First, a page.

Important Australian + International Fine Art
9 May 2007

John Kelly

born 1965

oil on canvas

168.0 x 183.0 cm

signed lower right: Klly [sic.] 97 inscribed verso: HOMAGE TO/ SIR SID/ 1997/ 66" x 72"

$55,000 - 75,000
Sold for $60,000 (inc. BP) in Auction 1 - 9 May 2007, Melbourne

Niagara Galleries, Melbourne (label attached verso)
Private collection, Melbourne

Catalogue text

My intention is to create work that encapsulates the concepts and ideas that intrigue me. I take historical subjects... and my own personal experience to build a framework within which I can create my own vision of things...Through this I generate visual ideas and concepts in paintings and sculptures that create their own history by engaging the real world as works of art...I like to create works that reach beyond their absurdity to reflect something of my visual and intellectual environment.'1

Just as John Kelly's playful yet sophisticated cow paintings were inspired by a comedic episode of Australian history- the creation of papier-mâché cows by William Dobell during World War II as camouflage to deceive enemy warcraft- so too Homage to Sir Sid 1997 derives its impetus from the past.

Continuing the artist's interest in the humorous transposition of animals in the landscape, the work directly references his artistic predecessor, Sidney Nolan, who himself was not unaccustomed to imbuing his art with an element of the absurd or bizarre. In particular, the present work bears strong allusions to Nolan's famous composition from his Kelly series, The Slip 1947 (National Gallery of Australia) where one of the police horses is portrayed suspended upside down in mid-air; as Nolan mused, 'I decided to put the horse upside down and give levitation another aspect... It is a dreadful descent and the horse will fall forever.'2 More generally perhaps, the work pays homage to the desiccated carcase paintings of Nolan's 'Desert and Drought series' which not only featured animals floating in undefinable spaces but, when first exhibited, were purposefully displayed as though floating away from the wall- suspended from a beam four metres high so as to evoke a sense of space and heighten the insubstantial, almost weightless quality of their subjects.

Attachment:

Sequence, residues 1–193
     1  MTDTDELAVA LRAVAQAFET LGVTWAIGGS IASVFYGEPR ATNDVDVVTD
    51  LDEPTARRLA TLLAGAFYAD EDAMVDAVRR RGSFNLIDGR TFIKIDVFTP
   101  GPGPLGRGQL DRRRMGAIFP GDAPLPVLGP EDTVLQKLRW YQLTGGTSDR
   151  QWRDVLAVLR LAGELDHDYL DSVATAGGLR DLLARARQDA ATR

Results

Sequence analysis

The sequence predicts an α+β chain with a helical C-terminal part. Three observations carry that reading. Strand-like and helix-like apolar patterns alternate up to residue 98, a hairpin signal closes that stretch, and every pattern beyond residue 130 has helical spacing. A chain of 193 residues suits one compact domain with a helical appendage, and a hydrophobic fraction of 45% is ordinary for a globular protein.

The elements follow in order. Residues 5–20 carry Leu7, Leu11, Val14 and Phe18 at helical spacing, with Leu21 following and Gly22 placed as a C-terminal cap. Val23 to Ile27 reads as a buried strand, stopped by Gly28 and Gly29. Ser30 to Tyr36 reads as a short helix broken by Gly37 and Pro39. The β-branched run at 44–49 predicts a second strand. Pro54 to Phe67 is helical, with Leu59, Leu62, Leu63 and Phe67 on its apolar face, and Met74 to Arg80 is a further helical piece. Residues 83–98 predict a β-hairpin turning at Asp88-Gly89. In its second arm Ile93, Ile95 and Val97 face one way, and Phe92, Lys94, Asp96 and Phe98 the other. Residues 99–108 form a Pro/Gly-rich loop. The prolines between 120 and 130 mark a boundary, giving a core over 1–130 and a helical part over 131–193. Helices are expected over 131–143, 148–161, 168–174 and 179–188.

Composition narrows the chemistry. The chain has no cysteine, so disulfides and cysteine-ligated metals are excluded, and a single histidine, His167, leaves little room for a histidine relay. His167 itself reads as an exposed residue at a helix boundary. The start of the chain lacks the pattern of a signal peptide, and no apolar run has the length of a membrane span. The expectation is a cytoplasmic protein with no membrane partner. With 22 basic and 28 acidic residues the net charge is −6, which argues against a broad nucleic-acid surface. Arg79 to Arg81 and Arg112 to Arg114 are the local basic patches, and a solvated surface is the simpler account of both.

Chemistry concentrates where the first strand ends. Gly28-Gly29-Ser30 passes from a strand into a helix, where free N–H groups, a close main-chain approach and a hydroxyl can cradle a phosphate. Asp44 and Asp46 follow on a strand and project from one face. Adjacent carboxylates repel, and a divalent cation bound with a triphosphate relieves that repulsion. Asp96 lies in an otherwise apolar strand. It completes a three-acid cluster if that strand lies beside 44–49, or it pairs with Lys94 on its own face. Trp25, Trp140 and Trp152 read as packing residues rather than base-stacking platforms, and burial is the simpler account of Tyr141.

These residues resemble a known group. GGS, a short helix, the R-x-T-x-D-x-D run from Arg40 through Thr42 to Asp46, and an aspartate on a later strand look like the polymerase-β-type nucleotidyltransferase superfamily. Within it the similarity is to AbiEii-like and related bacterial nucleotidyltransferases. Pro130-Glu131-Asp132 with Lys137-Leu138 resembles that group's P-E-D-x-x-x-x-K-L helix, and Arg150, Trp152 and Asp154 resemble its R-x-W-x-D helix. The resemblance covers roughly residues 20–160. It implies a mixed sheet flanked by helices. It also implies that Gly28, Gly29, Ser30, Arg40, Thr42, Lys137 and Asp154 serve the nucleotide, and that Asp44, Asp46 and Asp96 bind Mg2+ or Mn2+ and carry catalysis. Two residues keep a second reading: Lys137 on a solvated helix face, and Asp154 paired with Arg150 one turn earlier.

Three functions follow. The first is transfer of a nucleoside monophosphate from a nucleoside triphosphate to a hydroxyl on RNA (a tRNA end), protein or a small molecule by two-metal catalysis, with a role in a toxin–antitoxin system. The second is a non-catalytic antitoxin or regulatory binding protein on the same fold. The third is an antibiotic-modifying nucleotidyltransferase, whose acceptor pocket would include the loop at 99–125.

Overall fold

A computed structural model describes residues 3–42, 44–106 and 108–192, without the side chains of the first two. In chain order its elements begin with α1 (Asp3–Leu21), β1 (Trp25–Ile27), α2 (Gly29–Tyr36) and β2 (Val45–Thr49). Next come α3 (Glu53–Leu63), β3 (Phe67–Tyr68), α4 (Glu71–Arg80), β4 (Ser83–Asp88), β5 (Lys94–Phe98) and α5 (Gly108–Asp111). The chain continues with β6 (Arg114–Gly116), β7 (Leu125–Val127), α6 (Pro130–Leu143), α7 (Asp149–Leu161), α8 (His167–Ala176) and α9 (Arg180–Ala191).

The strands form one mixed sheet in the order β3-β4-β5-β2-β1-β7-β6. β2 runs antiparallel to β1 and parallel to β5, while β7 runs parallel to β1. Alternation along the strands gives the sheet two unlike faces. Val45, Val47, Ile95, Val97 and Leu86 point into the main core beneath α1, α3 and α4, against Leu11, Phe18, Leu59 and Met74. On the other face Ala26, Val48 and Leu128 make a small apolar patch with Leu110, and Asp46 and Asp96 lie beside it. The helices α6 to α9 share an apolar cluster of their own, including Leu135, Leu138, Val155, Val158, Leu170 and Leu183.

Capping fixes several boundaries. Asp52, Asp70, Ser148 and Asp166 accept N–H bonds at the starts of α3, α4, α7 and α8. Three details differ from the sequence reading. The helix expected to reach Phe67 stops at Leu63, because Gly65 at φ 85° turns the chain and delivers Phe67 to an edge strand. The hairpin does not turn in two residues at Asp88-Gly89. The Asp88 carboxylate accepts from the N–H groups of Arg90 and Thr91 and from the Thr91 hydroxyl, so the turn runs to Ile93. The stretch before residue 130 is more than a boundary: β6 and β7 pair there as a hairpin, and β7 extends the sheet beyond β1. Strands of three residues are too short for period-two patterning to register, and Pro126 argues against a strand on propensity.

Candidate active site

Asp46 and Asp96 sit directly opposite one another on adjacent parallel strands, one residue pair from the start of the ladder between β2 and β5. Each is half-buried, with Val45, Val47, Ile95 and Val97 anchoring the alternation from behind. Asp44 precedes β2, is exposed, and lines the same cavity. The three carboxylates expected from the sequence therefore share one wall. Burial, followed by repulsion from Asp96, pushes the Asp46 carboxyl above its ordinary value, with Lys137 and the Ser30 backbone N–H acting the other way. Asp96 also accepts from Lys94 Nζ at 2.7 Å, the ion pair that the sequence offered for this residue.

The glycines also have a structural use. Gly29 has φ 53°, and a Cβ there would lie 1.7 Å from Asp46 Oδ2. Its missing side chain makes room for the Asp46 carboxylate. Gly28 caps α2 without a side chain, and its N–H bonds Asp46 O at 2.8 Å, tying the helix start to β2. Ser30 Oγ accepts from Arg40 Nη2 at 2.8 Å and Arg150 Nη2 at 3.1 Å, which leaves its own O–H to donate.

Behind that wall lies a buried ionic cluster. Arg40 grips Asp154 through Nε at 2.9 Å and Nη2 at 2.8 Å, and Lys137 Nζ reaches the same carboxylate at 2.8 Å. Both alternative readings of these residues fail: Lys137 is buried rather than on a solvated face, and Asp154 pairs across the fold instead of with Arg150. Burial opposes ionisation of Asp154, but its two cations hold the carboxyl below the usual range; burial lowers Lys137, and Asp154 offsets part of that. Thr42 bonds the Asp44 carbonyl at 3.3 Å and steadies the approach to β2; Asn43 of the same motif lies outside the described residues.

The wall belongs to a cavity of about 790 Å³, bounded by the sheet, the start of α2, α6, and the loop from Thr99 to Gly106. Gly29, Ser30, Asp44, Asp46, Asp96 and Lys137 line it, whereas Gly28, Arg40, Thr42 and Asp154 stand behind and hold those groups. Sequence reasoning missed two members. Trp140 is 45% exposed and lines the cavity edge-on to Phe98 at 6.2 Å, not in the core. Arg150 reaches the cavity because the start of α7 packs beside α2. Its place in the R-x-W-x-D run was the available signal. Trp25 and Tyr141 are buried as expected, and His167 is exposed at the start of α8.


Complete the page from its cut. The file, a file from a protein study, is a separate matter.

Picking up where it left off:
With such skilful interplay of intelligent commentary and humour, reality versus non-reality, indeed Homage to Sir Sid remains eloquent testimony to the artist's widely acclaimed ability to transform the bizarre into the beautiful.

1. Kelly cited in Cow Up A Tree (Vache Dans Un Arbre), Niagara Galleries, Melbourne, 1999, exhibition catalogue, p.12
2. Nolan cited in Lynn, E., Sidney Nolan's Ned Kelly: The Ned Kelly Paintings in the AustralianNational Gallery and A Selection of the Artist's Sketches for the Series, Australian National Gallery, Canberra, 1985, p.42